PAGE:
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Judicial Review

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You have been hearing the words Judicial Review very often for the past week. This week we would look at judicial review for your own edification.

What is judicial review?

Professor Albert Fiadjoe describes the power of judicial review as “the jurisdiction of the superior courts to review laws, decision acts or omission of public authorities in order to ensure that they act within their given power.{{more}} In public law, there is seen the need to provide protection to the citizen from the enormous powers of the State. Professor Fiadjoe in his book, “Commonwealth Caribbean Public Law (2005), claims that it is the power of the Courts “to keep public authorities within proper bounds and legality. He further states that “to the extent that it is employed as a fetter on state power it is a most important constitutional tool, for example, a public authority must direct itself of the law properly and it must not use its powers for improper purpose.

Appeal versus judicial review

We have to make a distinction between an appeal and judicial review. Although there is some overlap in both processes, there is a clear distinction in that judicial review calls into focus the supervisory jurisdiction of the court. Whereas appeal is a “rehearing of a matter that was heard in the lower court”, judicial review challenges the act or omission of a public authority for legality. In this way judicial review can place workable limits on State power.

Persons or bodies who may apply

The power of judicial review cannot be initiated by the courts on its own, but must be so invoked by a person who is aggrieved or is prejudiced by the decision or an omission of a public authority. It therefore requires a person to have the requisite standing (locus standi) that is, sufficient interest or the right to bring an action or to be heard by the court. Civil Procedure Rules (2000) Part 56 .2 sets out six basis for standing. A person who has been adversely affected by the decision which is the subject of the application, a body or group acting at the request of a person, a body or group that represents the views of its members, a body or a group showing public interest, a statutory body where the subject matter falls within the statutory limit or any other person or body who has a right to be heard under the terms of any relevant enactment or constitution.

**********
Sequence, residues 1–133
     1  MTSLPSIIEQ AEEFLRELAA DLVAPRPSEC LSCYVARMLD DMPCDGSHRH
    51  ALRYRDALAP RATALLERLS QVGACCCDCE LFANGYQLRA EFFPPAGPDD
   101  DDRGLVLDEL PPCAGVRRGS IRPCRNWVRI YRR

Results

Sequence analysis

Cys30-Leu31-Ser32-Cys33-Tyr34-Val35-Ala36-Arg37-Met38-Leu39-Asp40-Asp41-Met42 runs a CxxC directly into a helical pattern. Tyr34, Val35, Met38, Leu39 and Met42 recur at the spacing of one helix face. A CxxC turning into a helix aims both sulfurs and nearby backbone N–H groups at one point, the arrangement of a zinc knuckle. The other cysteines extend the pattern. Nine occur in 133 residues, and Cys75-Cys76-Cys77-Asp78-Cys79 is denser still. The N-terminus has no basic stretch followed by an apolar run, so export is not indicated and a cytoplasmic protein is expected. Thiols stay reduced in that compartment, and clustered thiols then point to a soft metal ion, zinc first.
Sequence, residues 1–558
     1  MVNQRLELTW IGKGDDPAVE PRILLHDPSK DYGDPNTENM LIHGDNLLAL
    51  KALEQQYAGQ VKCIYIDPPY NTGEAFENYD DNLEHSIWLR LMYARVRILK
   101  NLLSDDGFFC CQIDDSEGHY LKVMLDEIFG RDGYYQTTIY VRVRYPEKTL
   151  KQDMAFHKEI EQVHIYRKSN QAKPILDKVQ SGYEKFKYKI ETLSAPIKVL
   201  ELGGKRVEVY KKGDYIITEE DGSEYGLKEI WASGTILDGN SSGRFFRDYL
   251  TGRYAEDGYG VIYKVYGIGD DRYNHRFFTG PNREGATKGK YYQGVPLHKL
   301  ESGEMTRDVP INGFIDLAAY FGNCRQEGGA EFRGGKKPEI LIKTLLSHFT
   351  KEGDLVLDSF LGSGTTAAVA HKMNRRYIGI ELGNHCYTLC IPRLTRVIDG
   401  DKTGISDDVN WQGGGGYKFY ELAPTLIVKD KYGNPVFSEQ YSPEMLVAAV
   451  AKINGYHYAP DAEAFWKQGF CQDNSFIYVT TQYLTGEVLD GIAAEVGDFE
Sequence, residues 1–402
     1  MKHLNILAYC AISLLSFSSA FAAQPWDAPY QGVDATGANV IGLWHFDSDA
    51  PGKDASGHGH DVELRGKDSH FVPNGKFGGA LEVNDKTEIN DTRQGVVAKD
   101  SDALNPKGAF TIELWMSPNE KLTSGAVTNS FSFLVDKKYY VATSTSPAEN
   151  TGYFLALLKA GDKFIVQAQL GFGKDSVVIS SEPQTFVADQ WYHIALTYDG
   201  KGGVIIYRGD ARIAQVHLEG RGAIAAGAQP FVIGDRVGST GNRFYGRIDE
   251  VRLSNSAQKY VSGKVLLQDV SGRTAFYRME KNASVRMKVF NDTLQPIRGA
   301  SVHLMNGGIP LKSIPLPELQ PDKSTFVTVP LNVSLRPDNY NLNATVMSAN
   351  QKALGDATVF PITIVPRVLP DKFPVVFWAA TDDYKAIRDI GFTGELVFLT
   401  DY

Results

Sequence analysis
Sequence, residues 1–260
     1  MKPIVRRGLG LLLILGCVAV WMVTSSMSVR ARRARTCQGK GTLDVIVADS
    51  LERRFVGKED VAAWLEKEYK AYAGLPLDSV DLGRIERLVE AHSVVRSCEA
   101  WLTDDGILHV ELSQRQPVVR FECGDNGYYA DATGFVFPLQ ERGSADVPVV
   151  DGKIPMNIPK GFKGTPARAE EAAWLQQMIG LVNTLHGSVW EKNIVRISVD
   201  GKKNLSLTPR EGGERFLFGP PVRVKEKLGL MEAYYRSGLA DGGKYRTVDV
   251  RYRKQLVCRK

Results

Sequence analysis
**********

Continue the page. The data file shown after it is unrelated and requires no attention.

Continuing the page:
Leave for judicial review

Before an application could be made for judicial review the applicant must first obtain leave from the Court to do so. Part 56.3 of CPR (2000) permits the application to be made without giving notice to the other side. Besides the usual formalities, (names, addresses, description of the parties) the application must include the relief sought and the grounds on which the relief is sought. Further, the applicant must indicate (1) whether an alternative form of relief is available and why judicial review is more appropriate or why the other form of relief is not pursued; (2) whether there is any time limit for making the application (If time limit has been exceeded reasons must be given for any delay). (3) whether the person is personally affected by the decision of the authority or the extent of the public or other interest.

Ada Johnson is a solicitor and barrister-at-law.
E-mail address is: exploringthelaw@yahoo.com

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